Please, Donate Blood Instead

I think dismissing this ritual as something “barbaric, backwards” and other such comments is unfair and incomplete. I also think that pretending it’s not there doesn’t make sense. It’s one of the few places on earth where this still happens, so, culturally, it’s a chance to witness firsthand something rare and unique, whether you think it’s right or not. The problem is that many non-Shiites see it as scary, and many Shiites find it embarrassing. But, when you understand the idea of bloodletting and feeling the pain and suffering the Hussein’s loved ones felt after his gruesome death, you see it as more of a show of grief and sadness, not of thirst for blood and violence.


As an outspoken atheist, this is something I’ll never be able to relate to and believe that the recent trend of donating blood instead of it letting it flow down your head to the street, is a much more fitting way to remember the Hussein and help those in desperate need of blood. That is why, I fully encourage and support the Who Is Hussain? initiative with DSC Lebanon and hope more and more people decide to switch to donating blood instead of bloodletting on the street.

Will I go next year? I don’t think so. I feel like I’ve experienced and witnessed the Ashoora commemoration in Nabatieh to the fullest. Would I encourage folks to go see for themselves? Definitely, if you’re not squeamish. I’d like to thank the people of Nabatieh for making everyone who comes down from different parts of the world and Lebanon for the warm reception, and the amazing food at WJ’s aunt’s house!

And please, remember, at such a difficult time, when folks in places like Nabatieh or Tripoli are demonized and vilified in the media, it’s vital to remember we’re all Lebanese and that the reality on the ground is that these people are nicer and kinder than most folks in Beirut, and that prejudging them based on misunderstood traditions or as religious extremists en-bloc, is both unfair and plain wrong. Go down to Nabatieh, spend a day up in Tripoli and stop being afraid of a minority that gives a bad name to the rest. Try to understand that in Tripoli, it’s politics and economics that are screwing things up, and that in Nabatieh, it’s misunderstood traditions that are giving the rest of the population an unflattering reputation.

NDU Should Not Have Canceled the Elections, but Learn from AUB

Yes, that’s in NDU, not a zoo somewhere where a piece of meat was thrown into a holding area with dozens of carnivorous animals. The difference here is that this is a university campus, not a zoo, and the animals are actually loyalists of Geagea and Aoun, two of the warlords Lebanon was never really able to get rid of. It’s so embarrassing that the supposedly “educated youth”, still have so many testosterone-crazed baboons that often spend over a decade in universities to be the “representatives” of their political macho men, ruining any chance of meaningful political reform at an early stage in hopes they’ll graduate knowing how to run a proper political campaign and elections, far from the norm their leaders outside campus set. Watch more of the fight here:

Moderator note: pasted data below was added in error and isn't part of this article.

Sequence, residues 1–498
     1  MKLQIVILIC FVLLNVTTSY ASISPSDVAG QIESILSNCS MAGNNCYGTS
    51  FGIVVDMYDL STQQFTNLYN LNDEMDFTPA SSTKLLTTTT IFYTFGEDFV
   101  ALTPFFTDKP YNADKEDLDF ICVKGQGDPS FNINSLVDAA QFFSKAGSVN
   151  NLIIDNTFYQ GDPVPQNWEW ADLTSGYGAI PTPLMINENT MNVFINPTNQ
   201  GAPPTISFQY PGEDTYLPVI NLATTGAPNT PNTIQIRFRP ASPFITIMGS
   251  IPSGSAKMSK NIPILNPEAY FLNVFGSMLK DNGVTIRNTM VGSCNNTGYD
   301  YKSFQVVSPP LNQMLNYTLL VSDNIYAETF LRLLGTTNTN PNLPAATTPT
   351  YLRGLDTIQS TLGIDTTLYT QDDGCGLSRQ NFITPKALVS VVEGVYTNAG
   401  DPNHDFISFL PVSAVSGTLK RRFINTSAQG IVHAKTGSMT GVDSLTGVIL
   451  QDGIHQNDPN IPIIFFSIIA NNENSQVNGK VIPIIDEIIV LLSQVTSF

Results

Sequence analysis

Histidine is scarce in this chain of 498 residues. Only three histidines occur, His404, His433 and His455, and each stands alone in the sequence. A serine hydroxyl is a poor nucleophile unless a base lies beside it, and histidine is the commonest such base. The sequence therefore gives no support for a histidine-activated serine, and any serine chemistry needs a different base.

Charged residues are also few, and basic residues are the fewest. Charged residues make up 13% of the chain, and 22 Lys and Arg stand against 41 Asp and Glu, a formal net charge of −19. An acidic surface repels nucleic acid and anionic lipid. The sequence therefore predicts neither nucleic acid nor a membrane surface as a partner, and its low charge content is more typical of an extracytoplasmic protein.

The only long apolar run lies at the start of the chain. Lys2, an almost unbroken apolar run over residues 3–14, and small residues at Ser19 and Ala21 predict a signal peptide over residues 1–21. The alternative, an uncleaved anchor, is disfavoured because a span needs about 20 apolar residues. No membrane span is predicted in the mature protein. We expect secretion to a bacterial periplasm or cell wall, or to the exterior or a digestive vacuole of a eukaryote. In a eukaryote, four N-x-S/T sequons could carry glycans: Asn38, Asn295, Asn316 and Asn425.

The priest-run church, instead of trying to properly manage the election process, and expelling the perpetrators, decided to cancel it altogether. I’m not sure what message they’re trying to send with that move, forbidding students from their right to be represented and participate in the decisions affecting their education, for a bunch of dumbasses whose loyalties lie outside the campus. They also encouraged them to do what the Lebanese parliament is doing: the baboons in it keep fighting, so they all decide to extend for themselves and not do elections, TWICE now. Hell of an example to follow…

AUB though, is an example to follow. Lebanese politics is banned on campus, and if a student even chants a sectarian or religious slogan from outside the campus, they can consider themselves no longer part of AUB. Of course, AUB’s students aren’t immune to the general political environment in Lebanon, and the two main coalitions often reflect the 14-8 March divide. However, the diversity at AUB and the strict rules regarding campaigning, as well as a more open mind and a realization that at the end of the day, you want a good student representative, not some name that this party or that endorsed. That’s why in AUB, no one ever wins in a landslide, and its often independents or seculars, that are the kingmakers, winning a sizable number of seats every year that allows them to decide who goes on to be part of the USFC (the executive branch).

Elections at AUB were fun, and in its recent history, not even a slap was recorded, despite the excitement and intensity sometimes of the voting process. They were also a valuable lesson in how to run a campaign, not just buy or bribe votes with emotional blackmail, telephone cards or the answers to an upcoming tests. What I especially loved is that a very large percentage of folks would not vote en-bloc, but pick and choose candidates. Some because they’re friends, others because they were more convincing in their campaigns and canvasing on the campus grounds. Candidates have platforms they run based on and campaigns are worthy of being called an electoral campaign, complete with impromptu public debates in Hyde Park-like speaking sessions.

Here’s what NDU should have done:

  • Expel every person involved in the fight. If they’re so willing to beat the shit out of each other for Geagea and Aoun, allow them go to their warlords and have them figure out their future.
  • Suspend every student who breaks the elections rules, and ban them from using sectarian and political slogans, symbols, even gang signs with their fingers on campus.
  • Kick out the “roo2asa khaleya” who spend the better part of a decade in uni, and get paid and promised positions in their respective political parties if they sacrifice their time and education to “coordinate” the political agenda of their handlers off campus.